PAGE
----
Biomarkers for tailored treatment and response
BMRS1 - correlated with poor prognosis

serum RASSF1A DNA methylation shows good response to tamoxifen treatment and favourable prognosis

Patients with methylated PITX2 are less likely to develop distant metastasis - a possibility to spare them adjuvant chemotherapy.
DNA methylation modification as therapeutic target
DNMT inhibitor and demethylating agents e.g. zebularine - inhibits methylation and activates cell stabilising genes (arrests cells in the S-phase)
Old drugs with new applications:
Procaine (local anesthetic) and procainamide, (antiarrhythmic drug), - demethylating activity in cancer cells, leading to the reexpression of silenced tumor-suppressor genes.
EGCG, the main polyphenol compound in
green tea
- increases tumour suppressor gene activity.
Cell Cycle
The distant past was the era of curses and witches,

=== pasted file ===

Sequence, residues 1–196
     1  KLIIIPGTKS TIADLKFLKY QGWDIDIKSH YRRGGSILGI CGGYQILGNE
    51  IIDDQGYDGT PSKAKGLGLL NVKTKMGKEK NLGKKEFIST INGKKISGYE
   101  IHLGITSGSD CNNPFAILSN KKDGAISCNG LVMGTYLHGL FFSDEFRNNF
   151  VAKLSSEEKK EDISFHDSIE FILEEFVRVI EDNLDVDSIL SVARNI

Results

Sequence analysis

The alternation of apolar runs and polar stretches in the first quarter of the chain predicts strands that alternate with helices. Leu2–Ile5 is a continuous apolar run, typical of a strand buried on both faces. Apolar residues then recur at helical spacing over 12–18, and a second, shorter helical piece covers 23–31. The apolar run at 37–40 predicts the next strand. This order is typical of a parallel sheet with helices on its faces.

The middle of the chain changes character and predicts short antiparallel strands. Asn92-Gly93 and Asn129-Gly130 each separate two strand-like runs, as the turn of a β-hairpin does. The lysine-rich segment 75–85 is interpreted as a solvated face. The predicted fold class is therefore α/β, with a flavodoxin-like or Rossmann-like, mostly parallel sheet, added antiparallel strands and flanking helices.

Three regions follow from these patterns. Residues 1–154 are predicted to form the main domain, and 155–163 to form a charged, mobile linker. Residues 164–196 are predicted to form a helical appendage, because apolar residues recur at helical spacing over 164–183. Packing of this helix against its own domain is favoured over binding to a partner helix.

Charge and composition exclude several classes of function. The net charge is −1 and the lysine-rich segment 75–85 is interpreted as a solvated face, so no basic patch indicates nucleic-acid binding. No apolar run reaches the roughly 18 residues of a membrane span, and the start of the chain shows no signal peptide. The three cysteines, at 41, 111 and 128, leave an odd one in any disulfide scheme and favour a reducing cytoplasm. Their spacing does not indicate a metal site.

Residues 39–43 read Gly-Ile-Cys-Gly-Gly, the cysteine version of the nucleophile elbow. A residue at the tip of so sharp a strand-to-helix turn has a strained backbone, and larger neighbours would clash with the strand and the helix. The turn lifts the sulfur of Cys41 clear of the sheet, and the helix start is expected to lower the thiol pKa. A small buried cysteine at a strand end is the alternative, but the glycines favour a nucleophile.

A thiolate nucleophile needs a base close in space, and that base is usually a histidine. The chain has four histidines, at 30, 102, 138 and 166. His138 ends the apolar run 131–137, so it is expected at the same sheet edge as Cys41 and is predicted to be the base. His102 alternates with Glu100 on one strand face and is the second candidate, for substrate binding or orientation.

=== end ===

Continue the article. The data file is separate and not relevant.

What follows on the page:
The present is the era of genetics
The near future shall be the era of epigenetics
Both based on Shakespeare
Yet
Totally different films
1936
1996
Obesity and High Fat Diet
In postmenopausal women, adipose tissue is the main tissue producing estrogens.

Estrogens induce the growth of breast cancer.

High level of fat cells (obesity) increases a substance called Leptin.

Leptin stimulates tumour growth

Obesity has been shown to upregulate inflammatory substances that induces growth and angiogenesis

Apart from inducing chronic inflammation, the pro-inflammatory chemicals, switch on of various genes involved in growth and invasiveness of (breast) cancer
Obesity and High Fat Diet
Full transcript